4. Assume less - People driving large vehicles with life insurance think they are “safe”. Life insurance should be called what it really is - death insurance. Then people would understand it better. Money cant replace life. You don't really have insurance (in the sense of replacing what you had). Car safety features cannot avoid the "nut behind the wheel" problem. Safer cars are no use if people are more careless. If drivers with anti-skid brakes just drive faster in the rain, what is the safety benefit? The accident rate depends as much on attitude as on mechanical safety features. Motorcycles create a better attitude, because on a motorcycle, you know you are vulnerable.
The “strength” of a motorcycle is its flexibility, not its invulnerability. The goal is to avoid accidents, not to “safely” have them.

The mentality is not only about saving petrol or having "adventure" and "excitement", it is also an attitude to life, a willingness to be responsible for your own acts.

I don't care if you're convinced or not. The above four points are not only meant for you two but for other riding members of team-bhp too. If it doesn't benefit you, it might actually benefit.

Quote:
Originally Posted by searchingheaven View Post
By supporting such nonsense, you are making these fools feel it's some big feat. If you really have nerves made of steel, join the army.
Sir, are you in the army? If not, please don't bother. Riding a motorcycle are being an Army officer are two very different things.

My dad was in the army and he rode a motorcycle. By your calculations, steel wouldn't be strong enough.

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Originally Posted by searchingheaven View Post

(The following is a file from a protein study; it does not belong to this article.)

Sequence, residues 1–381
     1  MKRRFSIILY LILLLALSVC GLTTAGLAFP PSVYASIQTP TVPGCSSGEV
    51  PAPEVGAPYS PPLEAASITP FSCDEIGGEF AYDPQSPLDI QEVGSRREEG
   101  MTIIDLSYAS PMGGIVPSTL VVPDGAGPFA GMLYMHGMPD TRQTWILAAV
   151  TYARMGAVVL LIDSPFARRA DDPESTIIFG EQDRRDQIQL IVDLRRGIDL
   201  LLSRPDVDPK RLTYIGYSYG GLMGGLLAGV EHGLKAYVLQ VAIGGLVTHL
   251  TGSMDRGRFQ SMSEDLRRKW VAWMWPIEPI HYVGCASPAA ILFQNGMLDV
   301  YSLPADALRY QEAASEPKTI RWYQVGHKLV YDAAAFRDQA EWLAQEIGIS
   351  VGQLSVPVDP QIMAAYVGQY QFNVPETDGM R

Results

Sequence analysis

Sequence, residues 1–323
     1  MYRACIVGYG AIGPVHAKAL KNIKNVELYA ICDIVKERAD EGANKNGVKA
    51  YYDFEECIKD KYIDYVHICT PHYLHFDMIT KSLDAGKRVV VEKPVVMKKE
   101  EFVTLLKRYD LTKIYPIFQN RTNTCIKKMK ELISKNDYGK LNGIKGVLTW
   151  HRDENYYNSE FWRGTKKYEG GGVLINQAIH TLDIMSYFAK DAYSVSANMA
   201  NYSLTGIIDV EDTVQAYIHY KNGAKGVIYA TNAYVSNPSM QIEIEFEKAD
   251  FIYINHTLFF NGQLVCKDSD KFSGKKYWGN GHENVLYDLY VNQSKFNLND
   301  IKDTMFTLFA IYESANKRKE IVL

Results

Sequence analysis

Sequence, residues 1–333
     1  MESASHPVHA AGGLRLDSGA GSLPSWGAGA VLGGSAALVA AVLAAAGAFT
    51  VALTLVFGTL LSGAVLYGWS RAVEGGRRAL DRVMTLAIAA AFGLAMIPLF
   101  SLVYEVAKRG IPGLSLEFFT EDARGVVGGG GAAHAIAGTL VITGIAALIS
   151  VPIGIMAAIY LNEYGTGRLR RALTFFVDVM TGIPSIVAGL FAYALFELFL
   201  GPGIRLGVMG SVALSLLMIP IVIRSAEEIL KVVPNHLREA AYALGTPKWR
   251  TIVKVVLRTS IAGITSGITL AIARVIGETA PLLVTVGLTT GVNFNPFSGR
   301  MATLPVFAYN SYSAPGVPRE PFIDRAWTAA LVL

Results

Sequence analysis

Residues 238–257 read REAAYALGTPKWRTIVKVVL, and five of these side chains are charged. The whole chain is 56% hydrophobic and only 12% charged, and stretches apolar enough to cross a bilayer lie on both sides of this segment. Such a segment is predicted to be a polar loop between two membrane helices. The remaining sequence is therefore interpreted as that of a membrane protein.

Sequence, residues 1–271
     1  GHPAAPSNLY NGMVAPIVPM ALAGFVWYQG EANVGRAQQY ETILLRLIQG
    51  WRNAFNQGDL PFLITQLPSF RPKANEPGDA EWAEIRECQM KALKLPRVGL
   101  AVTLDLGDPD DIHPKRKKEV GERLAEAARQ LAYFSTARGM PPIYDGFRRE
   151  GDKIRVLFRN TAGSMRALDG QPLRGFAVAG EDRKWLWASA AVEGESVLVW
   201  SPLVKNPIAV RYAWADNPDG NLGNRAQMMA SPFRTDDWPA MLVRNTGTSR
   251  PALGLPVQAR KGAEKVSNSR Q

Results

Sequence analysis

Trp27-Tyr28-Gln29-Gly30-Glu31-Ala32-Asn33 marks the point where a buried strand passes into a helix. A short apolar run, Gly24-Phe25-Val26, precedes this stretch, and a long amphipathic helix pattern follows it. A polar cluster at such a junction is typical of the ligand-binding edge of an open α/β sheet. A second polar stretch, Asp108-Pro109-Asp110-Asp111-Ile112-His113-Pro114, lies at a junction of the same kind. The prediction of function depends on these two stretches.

I wouldn't dream of doing 180 in a low slung sedan.
You probably won't, but many do.
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Old 13th April 2016, 04:22   #20273
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Default Re: Lessons learnt from motorcycle deaths in Delhi

Quote:
Originally Posted by mvadg View Post
Whatever 'adventure' and 'excitement' the motorcycle industry loves to portray alongside these contraptions - these are nothing but machines of death. There will be no Ralph Nader to ban this industry, because hardly anyone in the developed world rides two wheelers.

This thread seems the most suitable for a discussion on this news:

Prominent woman biker Veenu Paliwal dies in road accident in MP

Quote:
Originally Posted by searchingheaven View Post
I am going to come across as insensitive and harsh but here it is.

There was this bike riding friend of mine. He was biking from the last 10 years or so, complete with the Rs. 100000 gear and helmet and all that. He left his job to ride and cover some kilometres in some hours. He managed one such ride and was applauded by fellow morons. There were other pricks who appreciated him and called it a big feat and what not. This guy, buoyed up by this stupidity, tried another stunt, meticulous planning and all. He even mentioned this on some forums, to get more fake appreciation. He got killed after hitting a median at high speeds. Story over. His appreciates found other idiots to support.

I cannot stress this enough.

A motorcycle, is highly unsafe even if you are covered in proper gear from top to bottom. In 2015 motorcyclists were about 26 times more likely than passenger car occupants to die in a crash.


By supporting such nonsense, you are making these fools feel it's some big feat. If you really have nerves made of steel, join the army.

PS: I just read that she claimed of doing 180 kph on Indian roads. Well, I am sorry, but the lady was asking for trouble. I wouldn't dream of doing 180 in a low slung sedan.
Good job both of you of being sterotypical after reading a news article without knowing the entire story.

Call for a ban, thats what we educated fools are good at. I heard someone got an STD as they had sex, shall we ban sex too?

Next time while driving be aware of the surroundings, pedestrians or bikers can get injured badly, and then you may want a ban on driving too.

Maddy
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Old 13th April 2016, 06:51   #20274
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Talking Re: Lessons learnt from motorcycle deaths in Delhi

Quote:
Originally Posted by searchingheaven View Post
I am going to come across as insensitive and harsh but here it is.


A motorcycle, is highly unsafe even if you are covered in proper gear from top to bottom. In 2015 motorcyclists were about 26 times more likely than passenger car occupants to die in a crash.


By supporting such nonsense, you are making these fools feel it's some big feat. If you really have nerves made of steel, join the army.